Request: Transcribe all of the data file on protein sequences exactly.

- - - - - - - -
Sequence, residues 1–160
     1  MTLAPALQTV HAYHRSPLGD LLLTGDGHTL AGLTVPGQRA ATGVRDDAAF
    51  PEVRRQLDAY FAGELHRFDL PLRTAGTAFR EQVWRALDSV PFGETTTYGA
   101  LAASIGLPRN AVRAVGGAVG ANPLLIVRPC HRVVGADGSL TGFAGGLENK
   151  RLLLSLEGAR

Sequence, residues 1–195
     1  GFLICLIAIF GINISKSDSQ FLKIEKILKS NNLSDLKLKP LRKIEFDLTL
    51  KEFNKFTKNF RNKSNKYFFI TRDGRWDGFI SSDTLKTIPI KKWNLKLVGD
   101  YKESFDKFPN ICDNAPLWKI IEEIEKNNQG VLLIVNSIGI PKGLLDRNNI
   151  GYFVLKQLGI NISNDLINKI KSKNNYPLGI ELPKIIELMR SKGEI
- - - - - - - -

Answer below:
Sequence, residues 1–160
     1  MTLAPALQTV HAYHRSPLGD LLLTGDGHTL AGLTVPGQRA ATGVRDDAAF
    51  PEVRRQLDAY FAGELHRFDL PLRTAGTAFR EQVWRALDSV PFGETTTYGA
   101  LAASIGLPRN AVRAVGGAVG ANPLLIVRPC HRVVGADGSL TGFAGGLENK
   151  RLLLSLEGAR

Sequence, residues 1–195
     1  GFLICLIAIF GINISKSDSQ FLKIEKILKS NNLSDLKLKP LRKIEFDLTL
    51  KEFNKFTKNF RNKSNKYFFI TRDGRWDGFI SSDTLKTIPI KKWNLKLVGD
   101  YKESFDKFPN ICDNAPLWKI IEEIEKNNQG VLLIVNSIGI PKGLLDRNNI
   151  GYFVLKQLGI NISNDLINKI KSKNNYPLGI ELPKIIELMR SKGEI